The publication of our first book has been followed, fortunately, by our first reviews. Even more fortunately, they’ve been very positive. I thought it might be worth rounding up some of what people have been saying about Various Authors.
The first one to come in was from Nylon Magazine:
From the creepy clone tale “Celia and Harold” to the heartwarming “Nativity,” these are 20-pagers that you can squeeze in at the gym, on the subway, or even in line at the grocery store.
Although we’re left wanting more when it’s all over, we don’t have to worry. It’s a quarterly anthology, which means there’s another load of mini-books on the way very soon.
If Nylon found the stories to be perfect reading for the grocery store (and they are! They are!), All Metaphor enjoyed the more serious side:
The authors of the dozen stories in this debut volume do not include any household names, but several can boast respectable track records, with novels or short story collections already in print. This is serious stuff: literary fiction of a high calibre, the contributors not genre writers but artists of the pen. (Though is there any reason why a genre writer shouldn’t be an artist too?)
(Of course there isn’t. Bring on the genre writers!) All Metaphor went on to highlight three stories written either by Americans, or with international settings:
The three stories that stand out here all have overseas settings and two of them are written by Americans. All I Want by Charles Lambert is about English teachers spending an uneasy weekend with an Italian family by Lake Garda, and is stiff with unspoken feeling. Nativity by Adrian Stumpp addresses the rarely described anguish of fatherhood. Topping the lot for me is Dave Tough’s Luck by Matthew Licht. This occupies familiar Licht territory in 1970s New York, but transcends the grubbiness and slease with a poignant account of an idiot savant drummer who can reproduce all the riffs of the jazz and rock greats but never create a thing himself.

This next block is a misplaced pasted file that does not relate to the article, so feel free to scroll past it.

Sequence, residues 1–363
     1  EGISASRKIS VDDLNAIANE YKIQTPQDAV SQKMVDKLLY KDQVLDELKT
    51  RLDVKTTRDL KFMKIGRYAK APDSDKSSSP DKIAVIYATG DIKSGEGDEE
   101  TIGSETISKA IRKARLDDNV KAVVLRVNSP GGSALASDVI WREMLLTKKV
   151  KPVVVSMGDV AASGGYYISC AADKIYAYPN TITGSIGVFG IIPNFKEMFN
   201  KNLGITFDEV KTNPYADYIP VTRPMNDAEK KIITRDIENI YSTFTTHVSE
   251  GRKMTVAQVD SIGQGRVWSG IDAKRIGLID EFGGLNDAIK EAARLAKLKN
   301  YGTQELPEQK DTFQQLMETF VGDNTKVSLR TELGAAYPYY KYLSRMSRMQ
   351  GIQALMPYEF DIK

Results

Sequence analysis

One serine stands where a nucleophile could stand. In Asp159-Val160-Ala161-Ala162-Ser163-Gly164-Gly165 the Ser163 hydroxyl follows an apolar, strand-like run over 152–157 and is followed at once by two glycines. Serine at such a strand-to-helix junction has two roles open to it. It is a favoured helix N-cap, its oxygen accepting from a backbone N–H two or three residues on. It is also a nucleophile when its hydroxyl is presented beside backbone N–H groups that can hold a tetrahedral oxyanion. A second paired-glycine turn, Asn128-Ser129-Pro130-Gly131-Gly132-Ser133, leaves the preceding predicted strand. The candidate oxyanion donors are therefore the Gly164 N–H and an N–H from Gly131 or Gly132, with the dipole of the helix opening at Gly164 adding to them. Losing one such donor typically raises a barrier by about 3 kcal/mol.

Speaking of genres and the pointlessness of rigid barriers between them, it was great to get a review on the British Fantasy Society’s website:
Sometimes one has to read outside the confines of genre. And as much as I love fantasy/horror short stories there are times when I need to go off at a tangent. This is where Various Authors comes in. (Of course, one could argue that all fiction is just a bunch of lies and is, ergo, a form of fantasy fiction – but I’ll not go that route today.) Anyway … this anthology features twelve new stories from authors I’m not familiar with but, judging from their contributions, writers I’d like to encounter again.
This is a well observed piece of writing. Uncomfortable and unsettling. I shall be dipping in further during the coming weeks.
He also had praise for the anthology series as a whole: